2016: 55. The Bone People

“He walks down the street. The asphalt reels by him.

It is all silence.”

The Bone People, Keri Hulme

Oh, The Bone People.  What a book.  I hosted my new book club in May, and the host gets to pick the book.  Since you know I’m super into efficiency (HA), I suggested this one, as it had won the Booker in 1985, and we like to read slightly older books, generally, and someone had recommended it to me, etc. etc. And I thought, well I’ll at least knock one off the Booker list.  And then it came, and it was soooo long, and I started reading it, and the first 16 pages are like, Joycean, and I thought, WHAT HAVE I DONE? It got easier to read - the prose turned more normal (though the author confirmed in an introduction that she refused editing, and, indeed, had chosen some words just beause she liked the way they looked on the page, not even agreeing to normalize SPELLING), and some of the writing was very engaging and compelling.

But the book is bonkers.  It’s about three people - Kerewin, a former artist who won the lottery and lives alone in a crazy tower, Simon, a wounded adopted child who is mute and filled with both behavior problems and mystical energy, and Joe, his adopted (Maori) father.  And I don’t want to give away the plot but the things that happen to them are very tough to take.  Including Kerewin just, you know, curing herself from cancer which almost made me throw the book away, it made me so mad.  But that’s just a side note to the real tragedies therein.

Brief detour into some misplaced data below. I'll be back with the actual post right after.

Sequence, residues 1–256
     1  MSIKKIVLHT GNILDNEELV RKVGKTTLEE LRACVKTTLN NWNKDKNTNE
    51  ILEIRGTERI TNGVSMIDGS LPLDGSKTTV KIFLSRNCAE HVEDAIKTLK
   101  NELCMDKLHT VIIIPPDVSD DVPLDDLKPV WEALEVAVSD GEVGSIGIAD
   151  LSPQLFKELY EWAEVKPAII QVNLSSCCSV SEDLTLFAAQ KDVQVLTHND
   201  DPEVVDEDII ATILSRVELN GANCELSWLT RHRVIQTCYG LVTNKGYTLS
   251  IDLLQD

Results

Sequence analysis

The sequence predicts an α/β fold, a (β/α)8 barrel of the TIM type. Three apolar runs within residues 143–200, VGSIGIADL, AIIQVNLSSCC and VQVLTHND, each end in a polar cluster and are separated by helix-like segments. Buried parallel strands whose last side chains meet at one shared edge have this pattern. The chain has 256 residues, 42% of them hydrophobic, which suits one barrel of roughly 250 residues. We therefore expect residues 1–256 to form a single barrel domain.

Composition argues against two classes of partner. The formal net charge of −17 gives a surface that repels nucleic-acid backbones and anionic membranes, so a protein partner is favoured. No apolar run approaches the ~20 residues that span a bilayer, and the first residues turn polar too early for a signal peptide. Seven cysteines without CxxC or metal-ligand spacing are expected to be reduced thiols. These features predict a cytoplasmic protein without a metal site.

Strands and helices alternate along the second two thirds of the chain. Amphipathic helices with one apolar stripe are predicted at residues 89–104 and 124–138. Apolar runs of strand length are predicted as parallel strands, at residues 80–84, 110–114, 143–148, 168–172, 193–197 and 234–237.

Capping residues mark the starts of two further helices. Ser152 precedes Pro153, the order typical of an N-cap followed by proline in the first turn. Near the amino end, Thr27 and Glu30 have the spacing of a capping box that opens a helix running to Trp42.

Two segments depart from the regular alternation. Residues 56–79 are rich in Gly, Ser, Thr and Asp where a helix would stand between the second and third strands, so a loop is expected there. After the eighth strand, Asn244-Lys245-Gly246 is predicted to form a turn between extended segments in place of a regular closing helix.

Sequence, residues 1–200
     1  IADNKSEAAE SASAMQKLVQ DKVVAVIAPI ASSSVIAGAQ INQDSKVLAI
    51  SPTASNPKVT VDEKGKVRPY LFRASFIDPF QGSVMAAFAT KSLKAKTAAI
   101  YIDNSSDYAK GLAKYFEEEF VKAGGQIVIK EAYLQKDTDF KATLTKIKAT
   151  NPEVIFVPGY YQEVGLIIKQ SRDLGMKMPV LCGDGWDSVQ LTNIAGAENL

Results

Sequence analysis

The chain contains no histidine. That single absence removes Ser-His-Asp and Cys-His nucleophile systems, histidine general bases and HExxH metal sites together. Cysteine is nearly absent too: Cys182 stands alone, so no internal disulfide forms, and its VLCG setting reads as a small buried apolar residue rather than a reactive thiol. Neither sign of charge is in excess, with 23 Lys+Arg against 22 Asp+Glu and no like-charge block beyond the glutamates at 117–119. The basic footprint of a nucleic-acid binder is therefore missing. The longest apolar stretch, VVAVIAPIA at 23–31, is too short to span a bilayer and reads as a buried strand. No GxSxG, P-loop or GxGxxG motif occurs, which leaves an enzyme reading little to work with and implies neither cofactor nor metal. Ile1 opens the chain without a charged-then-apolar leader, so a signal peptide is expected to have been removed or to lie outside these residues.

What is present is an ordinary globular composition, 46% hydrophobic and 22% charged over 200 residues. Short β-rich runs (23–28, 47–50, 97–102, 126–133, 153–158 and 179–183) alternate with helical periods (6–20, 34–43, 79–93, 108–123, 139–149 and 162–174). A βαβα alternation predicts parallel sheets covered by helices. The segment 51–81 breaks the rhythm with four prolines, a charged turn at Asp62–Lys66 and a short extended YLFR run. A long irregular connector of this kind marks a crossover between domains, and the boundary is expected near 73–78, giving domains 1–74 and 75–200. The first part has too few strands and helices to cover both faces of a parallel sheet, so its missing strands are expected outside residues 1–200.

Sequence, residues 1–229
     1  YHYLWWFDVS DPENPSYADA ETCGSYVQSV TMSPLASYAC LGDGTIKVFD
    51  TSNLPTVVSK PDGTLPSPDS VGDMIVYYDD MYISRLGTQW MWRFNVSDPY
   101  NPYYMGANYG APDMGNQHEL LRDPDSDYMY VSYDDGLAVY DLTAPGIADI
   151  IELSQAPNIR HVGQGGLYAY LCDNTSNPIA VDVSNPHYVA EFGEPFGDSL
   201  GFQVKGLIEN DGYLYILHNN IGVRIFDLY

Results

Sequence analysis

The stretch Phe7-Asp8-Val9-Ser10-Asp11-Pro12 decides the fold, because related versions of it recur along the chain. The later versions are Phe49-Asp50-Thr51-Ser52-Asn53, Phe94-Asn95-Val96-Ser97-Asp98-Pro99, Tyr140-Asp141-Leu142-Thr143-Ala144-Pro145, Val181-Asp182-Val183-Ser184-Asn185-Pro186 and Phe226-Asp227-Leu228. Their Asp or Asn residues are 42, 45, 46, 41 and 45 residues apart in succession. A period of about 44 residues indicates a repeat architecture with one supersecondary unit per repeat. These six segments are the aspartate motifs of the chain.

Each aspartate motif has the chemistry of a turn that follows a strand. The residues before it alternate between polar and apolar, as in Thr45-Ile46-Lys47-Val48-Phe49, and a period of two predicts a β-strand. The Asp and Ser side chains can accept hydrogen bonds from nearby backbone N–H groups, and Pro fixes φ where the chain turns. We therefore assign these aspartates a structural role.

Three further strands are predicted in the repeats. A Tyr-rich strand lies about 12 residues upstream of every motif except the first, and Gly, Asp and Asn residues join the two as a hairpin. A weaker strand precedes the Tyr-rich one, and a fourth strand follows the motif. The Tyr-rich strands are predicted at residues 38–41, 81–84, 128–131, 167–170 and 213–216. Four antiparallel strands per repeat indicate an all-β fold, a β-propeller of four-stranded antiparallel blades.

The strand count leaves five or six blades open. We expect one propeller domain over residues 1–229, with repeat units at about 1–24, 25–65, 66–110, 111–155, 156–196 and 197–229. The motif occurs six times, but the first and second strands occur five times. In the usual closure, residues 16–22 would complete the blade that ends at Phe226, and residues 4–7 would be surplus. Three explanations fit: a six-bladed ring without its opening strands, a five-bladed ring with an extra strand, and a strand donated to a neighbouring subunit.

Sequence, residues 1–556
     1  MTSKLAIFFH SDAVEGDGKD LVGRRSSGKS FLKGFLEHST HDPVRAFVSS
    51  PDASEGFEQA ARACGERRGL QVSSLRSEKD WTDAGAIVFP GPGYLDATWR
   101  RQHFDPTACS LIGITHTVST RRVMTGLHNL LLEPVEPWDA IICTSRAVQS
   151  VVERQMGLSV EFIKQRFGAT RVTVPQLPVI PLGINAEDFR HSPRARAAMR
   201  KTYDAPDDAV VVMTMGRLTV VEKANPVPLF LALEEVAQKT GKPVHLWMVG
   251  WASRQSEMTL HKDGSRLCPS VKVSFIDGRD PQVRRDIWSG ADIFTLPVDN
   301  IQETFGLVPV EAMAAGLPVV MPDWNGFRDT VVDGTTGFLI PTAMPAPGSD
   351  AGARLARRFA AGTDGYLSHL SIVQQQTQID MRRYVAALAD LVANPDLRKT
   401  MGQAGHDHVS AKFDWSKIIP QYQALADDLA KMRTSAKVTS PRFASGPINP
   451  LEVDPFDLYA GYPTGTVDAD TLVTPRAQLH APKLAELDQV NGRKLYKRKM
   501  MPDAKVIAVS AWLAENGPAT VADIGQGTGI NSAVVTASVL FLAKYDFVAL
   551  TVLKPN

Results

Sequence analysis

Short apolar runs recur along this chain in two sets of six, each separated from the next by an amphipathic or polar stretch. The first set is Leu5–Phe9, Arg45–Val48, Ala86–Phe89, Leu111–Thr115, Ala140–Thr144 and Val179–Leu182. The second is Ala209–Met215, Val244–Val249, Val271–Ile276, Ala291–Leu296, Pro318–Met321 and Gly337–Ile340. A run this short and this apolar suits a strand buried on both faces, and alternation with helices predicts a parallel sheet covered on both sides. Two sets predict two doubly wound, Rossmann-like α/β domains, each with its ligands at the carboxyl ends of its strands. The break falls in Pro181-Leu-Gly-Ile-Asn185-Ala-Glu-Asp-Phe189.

I don’t know - I really was not a fan of the book when I finished it, but after we talked about it for almost two hours straight at book club, I had a slightly changed perspective.  It is so different from a normal book, with a normal story line or themes or anything, that the stuff I found distressing and improbable, I later thought was upsetting but maybe authentic? I really grappled with this one, and I’m not sure if I can really recommend it (certainly not without trigger warnings for abuse, and magical children, and fake cancer plots, and such), but if you did read it, I’d love to discuss it more.  It has stuck with me in a way that books I liked ten times as much haven’t.

The Booker Prize Project

© Carrie Dunsmore 2017